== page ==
“This case is a first of its kind,” assistant attorney general John Carlin said in a statement.
Then, in early December, another U.S. drone strike took out a lesser-known ISIS hacker, Siful Haque Sujan.
Army Col. Steve Warren, a spokesman for the military’s operation to eliminate ISIS, described Sujan as a British-educated computer systems engineer who worked on hacking efforts and anti-surveillance technology.
“Now that he's dead, ISIL has lost a key link between networks,” he said, using another acronym for the group.
Outside experts were hesitant to describe the three novel incidents as the result of a specific Pentagon strategy, but said they show the military’s desire to attack ISIS’s online recruitment.
“I think there is a campaign going on,” said Malcolm Nance, a counterterrorism and cryptology expert who is the executive director of The Terror Asymmetrics Project.
Since July, he said, there’s been a notable uptick in U.S. airstrikes taking out high-ranking ISIS members. The White House on Friday said coalition airstrikes in December had killed “dozens” of senior ISIS operatives.
“We are literally cutting through this organization’s senior management like a scythe,” Nance said.
He believes the military strikes have focused on digitally-savvy members.
“Degrading their system of propaganda and their ability to operate overtly, clandestinely in the dark Web is going to be one of our highest priorities,” said Nance, who authored an upcoming book, “Defeating ISIS,” which details strategies to counteract ISIS online.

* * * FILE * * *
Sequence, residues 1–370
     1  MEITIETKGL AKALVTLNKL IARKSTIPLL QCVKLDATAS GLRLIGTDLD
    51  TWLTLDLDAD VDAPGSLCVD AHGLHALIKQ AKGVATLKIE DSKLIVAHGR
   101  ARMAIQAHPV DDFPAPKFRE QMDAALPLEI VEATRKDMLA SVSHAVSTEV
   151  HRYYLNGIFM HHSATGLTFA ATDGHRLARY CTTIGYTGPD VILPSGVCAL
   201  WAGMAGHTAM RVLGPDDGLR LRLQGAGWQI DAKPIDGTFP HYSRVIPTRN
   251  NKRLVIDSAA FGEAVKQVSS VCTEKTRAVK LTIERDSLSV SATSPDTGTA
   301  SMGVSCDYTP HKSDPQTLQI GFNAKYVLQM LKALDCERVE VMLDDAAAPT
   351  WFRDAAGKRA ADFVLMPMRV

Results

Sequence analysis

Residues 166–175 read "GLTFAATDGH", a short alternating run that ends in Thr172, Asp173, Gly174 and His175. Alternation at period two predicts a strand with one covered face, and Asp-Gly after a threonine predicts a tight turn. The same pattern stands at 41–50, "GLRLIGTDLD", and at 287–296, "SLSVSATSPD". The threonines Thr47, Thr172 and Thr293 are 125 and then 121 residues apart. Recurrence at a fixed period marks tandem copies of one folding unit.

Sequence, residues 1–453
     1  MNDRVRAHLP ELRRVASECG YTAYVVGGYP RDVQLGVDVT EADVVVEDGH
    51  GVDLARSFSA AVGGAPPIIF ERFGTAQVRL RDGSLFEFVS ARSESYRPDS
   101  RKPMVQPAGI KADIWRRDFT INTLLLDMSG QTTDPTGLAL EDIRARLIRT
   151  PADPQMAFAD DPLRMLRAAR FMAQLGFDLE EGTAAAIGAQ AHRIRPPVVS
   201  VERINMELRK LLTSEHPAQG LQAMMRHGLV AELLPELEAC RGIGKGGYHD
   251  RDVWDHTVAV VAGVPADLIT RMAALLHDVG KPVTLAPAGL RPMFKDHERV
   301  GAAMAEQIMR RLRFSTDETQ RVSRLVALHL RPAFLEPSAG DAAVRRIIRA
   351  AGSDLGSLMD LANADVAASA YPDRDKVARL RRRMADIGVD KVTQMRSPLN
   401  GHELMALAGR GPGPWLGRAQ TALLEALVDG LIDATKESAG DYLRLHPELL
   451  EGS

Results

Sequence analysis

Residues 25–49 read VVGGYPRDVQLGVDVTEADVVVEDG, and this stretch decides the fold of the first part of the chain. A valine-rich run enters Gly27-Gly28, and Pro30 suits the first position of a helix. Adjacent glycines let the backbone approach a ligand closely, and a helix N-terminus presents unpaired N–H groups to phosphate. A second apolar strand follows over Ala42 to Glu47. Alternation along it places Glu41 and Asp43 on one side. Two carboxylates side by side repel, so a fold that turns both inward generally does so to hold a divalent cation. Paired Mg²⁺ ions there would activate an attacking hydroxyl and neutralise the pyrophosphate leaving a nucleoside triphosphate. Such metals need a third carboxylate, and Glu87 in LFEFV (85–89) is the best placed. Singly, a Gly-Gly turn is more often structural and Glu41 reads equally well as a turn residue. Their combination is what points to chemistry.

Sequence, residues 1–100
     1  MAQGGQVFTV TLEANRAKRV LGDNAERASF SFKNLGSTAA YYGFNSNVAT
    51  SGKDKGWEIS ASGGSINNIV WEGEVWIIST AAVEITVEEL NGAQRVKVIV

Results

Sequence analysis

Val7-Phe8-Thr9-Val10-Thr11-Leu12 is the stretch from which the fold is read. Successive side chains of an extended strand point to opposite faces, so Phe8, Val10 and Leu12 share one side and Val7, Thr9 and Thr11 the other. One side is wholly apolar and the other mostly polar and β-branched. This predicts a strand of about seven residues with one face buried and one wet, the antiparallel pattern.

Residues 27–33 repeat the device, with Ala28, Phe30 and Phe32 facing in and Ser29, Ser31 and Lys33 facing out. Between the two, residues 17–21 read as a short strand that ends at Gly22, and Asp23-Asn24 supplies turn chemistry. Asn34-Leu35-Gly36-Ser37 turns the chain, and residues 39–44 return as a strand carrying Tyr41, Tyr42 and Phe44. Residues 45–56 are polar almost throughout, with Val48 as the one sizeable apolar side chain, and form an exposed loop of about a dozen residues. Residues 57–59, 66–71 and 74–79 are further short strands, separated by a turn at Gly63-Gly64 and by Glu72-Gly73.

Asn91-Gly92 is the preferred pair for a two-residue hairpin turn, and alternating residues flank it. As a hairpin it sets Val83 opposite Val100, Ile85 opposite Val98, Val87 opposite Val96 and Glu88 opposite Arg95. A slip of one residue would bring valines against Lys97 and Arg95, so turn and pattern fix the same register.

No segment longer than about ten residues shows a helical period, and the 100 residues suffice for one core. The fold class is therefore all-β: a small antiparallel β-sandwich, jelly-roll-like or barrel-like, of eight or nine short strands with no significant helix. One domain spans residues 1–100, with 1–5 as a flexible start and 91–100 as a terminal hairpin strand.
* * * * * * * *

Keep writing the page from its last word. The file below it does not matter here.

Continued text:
Experts unanimously said the government has been ineffective at using its own digital propaganda to counter ISIS’s Internet recruitment.
“It’s hard for us to go tit for tat [on propaganda] with ISIS, which is very decentralized and is able to put up what they want,” explained Michael McNerney, a former cybersecurity policy advisor for the secretary of Defense who now runs anti-hacking firm Efflux Systems.
“We have no response for that, he added. “We certainly know how to drop missiles."
Experts believe a few well-placed missiles could significantly disrupt ISIS’s hacking efforts.
But others are more cautious and say ISIS can quickly fill its ranks.
“The mantle just gets passed and someone else steps in,” Stalinsky said.
When Hussain went down, his CyberCaliphate hacking group was greatly diminished, according to researchers. But other groups have popped up in its place, Stalinsky said.
Most are hesitant to believe a military campaign could significantly degrade ISIS’s broader online propaganda.
ISIS’s online recruitment efforts are deeply entrenched, explained Christopher Ahlberg, the head of Recorded Future, which analyzes online threats.
“These guys, over a long period of time, years, have build up this... online recruiting capability,” he said, warning that drone strikes alone won't eradicate that.
“They have a solid jihadist product.”